Indiana Pacers Odds of Winning the NBA Draft Lottery – 0.0%

by Kent Sterling

It’s been awhile since fans of the Indiana Pacers didn’t watch the NBA Draft Lottery with keen interest, but tonight will be the night that the Pacers don’t fly team president Larry Bird to New York for the unveiling of the order for the first 14 picks of the June 28 draft.

The Pacers are assured of selecting 15th, and Bird sat before several members of the media at Conseco Fieldhouse to talk about the future of the team instead of waiting in his hotel room to report to his post behind the little game show podium in New York.

Click here to follow Kent on Twitter @kentsterling

For the first time since I began attending these press conferences I thought Bird looked relaxed and borderline happy.  He always jokes around with Indianapolis Star beat writer Mike Wells, and he did that today too, but I thought Bird looked good.

The highlights of Bird’s talk were:

  • Frank Vogel is the leading candidate to become the full-time head coach.  Rick Adelman and Mike Brown will also get a look.
  • Rebuilding the Pacers is the biggest challenge he has faced in his basketball career – player, coach, or management.
  • The Pacers will have the best bench in the NBA.
  • Bird has no idea what he would do without basketball.
  • The 2011 NBA Draft class is not strong.
  • The 2012 class could be very strong.
  • $37 million comes off the books on July 1.
  • Another $10 million peels away next year, (this would appear to be bad news for James Posey and Brandon Rush, if it is their desire to return).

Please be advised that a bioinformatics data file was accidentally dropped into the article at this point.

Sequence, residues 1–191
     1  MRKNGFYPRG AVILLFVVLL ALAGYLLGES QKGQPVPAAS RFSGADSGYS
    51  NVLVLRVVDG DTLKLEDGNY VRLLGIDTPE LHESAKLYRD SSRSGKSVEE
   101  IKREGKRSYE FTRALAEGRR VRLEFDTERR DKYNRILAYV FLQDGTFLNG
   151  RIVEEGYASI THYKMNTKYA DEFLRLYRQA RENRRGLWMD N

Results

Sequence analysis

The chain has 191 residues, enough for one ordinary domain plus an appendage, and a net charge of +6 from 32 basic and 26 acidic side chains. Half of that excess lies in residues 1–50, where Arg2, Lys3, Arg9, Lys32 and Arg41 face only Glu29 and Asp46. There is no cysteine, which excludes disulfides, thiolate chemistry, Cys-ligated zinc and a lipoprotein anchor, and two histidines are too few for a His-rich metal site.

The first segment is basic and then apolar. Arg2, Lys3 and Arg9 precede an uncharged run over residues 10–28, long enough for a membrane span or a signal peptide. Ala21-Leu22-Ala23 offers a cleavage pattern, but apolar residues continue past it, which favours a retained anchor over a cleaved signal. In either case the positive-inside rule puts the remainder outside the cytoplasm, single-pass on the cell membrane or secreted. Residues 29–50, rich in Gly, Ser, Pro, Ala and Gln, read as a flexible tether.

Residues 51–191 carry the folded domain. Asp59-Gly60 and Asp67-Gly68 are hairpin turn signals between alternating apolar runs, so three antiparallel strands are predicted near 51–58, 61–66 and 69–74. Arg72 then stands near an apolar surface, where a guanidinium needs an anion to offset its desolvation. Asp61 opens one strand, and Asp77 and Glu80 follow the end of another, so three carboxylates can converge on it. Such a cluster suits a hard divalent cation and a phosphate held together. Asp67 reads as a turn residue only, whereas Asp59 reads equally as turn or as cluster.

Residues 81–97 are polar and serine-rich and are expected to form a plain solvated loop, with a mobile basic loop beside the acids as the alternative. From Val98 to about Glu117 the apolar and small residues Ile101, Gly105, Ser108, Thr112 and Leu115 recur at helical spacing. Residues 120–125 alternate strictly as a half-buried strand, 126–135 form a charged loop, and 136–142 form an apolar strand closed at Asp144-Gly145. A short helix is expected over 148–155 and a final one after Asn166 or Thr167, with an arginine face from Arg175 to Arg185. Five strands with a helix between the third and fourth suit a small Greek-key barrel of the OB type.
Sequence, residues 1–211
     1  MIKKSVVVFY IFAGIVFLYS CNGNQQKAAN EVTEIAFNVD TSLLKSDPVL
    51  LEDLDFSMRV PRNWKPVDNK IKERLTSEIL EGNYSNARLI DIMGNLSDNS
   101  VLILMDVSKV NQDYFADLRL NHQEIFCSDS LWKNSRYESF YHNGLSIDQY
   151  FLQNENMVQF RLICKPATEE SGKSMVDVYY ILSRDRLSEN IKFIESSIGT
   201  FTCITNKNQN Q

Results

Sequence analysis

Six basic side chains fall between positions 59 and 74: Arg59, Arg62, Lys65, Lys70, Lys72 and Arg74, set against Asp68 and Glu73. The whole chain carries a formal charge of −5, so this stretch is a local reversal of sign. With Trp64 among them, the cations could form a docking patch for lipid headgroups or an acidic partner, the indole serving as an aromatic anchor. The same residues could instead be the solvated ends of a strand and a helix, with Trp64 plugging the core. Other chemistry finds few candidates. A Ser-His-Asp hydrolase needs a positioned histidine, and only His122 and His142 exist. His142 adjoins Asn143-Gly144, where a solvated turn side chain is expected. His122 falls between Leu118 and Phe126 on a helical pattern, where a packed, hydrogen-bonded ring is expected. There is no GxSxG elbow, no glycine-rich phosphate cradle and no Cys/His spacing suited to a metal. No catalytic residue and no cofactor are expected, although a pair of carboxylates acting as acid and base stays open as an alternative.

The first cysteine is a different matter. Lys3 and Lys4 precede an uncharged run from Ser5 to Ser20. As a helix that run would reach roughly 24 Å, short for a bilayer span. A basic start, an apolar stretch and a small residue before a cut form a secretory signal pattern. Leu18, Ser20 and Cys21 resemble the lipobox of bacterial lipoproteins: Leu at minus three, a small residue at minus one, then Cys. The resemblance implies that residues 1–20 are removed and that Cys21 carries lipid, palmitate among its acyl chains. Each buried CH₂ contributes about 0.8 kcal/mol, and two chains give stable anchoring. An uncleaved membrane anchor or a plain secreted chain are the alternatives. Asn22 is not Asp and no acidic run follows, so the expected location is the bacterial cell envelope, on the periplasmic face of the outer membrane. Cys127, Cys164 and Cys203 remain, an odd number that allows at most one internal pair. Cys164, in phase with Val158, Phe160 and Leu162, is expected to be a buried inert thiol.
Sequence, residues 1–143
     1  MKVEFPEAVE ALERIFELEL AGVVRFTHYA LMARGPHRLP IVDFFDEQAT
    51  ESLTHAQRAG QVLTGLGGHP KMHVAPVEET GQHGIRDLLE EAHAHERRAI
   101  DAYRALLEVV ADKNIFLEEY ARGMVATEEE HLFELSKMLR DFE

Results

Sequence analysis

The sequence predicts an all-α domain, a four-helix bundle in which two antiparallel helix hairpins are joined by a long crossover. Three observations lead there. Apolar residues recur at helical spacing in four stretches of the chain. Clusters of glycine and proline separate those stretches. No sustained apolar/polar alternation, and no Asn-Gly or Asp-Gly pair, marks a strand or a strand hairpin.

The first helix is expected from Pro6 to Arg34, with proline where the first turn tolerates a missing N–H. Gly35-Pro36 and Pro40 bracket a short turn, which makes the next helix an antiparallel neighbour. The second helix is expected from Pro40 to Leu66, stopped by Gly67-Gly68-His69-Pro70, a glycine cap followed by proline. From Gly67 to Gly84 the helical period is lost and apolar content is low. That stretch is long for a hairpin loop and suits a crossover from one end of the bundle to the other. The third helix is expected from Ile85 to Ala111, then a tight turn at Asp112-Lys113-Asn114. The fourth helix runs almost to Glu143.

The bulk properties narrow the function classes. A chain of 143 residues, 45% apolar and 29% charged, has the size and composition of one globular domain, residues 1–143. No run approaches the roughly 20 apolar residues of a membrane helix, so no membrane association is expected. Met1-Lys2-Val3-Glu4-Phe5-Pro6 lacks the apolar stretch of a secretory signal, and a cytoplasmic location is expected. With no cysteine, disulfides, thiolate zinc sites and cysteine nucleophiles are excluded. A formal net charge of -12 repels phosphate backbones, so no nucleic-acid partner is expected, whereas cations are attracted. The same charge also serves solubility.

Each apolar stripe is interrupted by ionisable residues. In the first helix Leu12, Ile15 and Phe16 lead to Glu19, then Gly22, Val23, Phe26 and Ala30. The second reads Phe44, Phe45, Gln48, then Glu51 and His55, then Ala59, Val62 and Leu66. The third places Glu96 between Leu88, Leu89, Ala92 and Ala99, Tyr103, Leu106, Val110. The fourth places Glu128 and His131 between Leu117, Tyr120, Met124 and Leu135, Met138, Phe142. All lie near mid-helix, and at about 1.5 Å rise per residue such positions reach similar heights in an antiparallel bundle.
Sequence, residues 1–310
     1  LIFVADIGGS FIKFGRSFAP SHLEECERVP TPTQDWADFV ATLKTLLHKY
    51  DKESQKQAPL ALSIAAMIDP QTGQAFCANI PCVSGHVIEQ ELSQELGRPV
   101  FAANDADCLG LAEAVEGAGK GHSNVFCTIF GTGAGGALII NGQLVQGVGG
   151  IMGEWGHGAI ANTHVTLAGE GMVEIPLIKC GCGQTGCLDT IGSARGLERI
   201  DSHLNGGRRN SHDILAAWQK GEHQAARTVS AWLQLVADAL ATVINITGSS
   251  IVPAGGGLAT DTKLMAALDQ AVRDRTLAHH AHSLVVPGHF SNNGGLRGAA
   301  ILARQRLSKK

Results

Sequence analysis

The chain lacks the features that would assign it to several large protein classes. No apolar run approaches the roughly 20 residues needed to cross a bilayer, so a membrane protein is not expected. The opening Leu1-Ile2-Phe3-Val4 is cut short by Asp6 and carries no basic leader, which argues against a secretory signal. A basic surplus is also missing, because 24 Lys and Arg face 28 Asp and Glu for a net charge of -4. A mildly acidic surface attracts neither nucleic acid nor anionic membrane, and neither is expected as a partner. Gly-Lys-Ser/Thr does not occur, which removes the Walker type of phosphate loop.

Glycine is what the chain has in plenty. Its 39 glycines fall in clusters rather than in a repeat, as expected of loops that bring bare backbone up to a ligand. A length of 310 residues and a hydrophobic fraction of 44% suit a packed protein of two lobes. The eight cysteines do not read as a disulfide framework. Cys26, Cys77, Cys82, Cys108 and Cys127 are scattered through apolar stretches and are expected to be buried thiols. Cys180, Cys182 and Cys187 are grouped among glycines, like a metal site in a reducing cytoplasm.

• Bird will target needs in the draft, free agency, and trades.

Many of the people in the room were Pacers staffers, and it was held in the media workroom, rather than the typical media area.  GM David Morway, president Jim Morris, Greg Schenkel, and media relations chief David Benner comprised roughly a quarter of the crowd.

Bird remains one of the most interesting and entertaining men in sports, and the work of waiting until this offseason for the significant cap room necessary to take the team to the next level is over.  Now it’s up to Bird to spend the money well on  players who can help the Pacers win.

Also expressed was Bird’s desire to bring in good people as well as players.  He wants a “tight” locker room, and has no idea what will happen with the pending lockout set to begin on July 1.

And, even better for me, I finally got some good answers about what Morway does for the Pacers.  As it was described to me, it seems that Morway does almost exactly what I did at Emmis Communications until 2007 as the assistant program director for WIBC (although I was far less well paid and didn’t have a cool title), which is to fill the holes of management.  In other words, he does what is delegated to him by Bird because either Bird doesn’t like to do it or isn’t good at it.

I’ve never been critical or praiseful of Morway because frankly I never knew what he did.  Now that I have a better understanding, I’ll have some empathy for him.  It’s not easy to do work you might rather see re-thought.  Being held responsible for it can be very trying.  That’s not to say that either of us was driven crazy by our respective bosses, but there are always minor differences in opinion.

The Pacers are through step one of rebuilding, and now they get busy with the fun stuff.  For his patience and drafts over the past three years, Bird gets a B+.  If he can do the same thing for the second phase where he gets to build, he will more than justify owner Herb Simon’s faith.

Remember the #8 seed last year?  The Chicago Bulls, who hired the right coach in Tom Thibodeau, and picked up two key free agents in Carlos Boozer and Kyle Korver.  The road from eighth to the upper echelon of the NBA East isn’t that huge a leap – at least it’s not unprecedented.

If Bird and the Pacers can take another leap forward to 45 wins, it will justify the fans’ faith, and the days of the Pacers hoping for their ping pong ball to be pulled so they move into the top three of the draft will be over.

Leave a Reply

Your email address will not be published. Required fields are marked *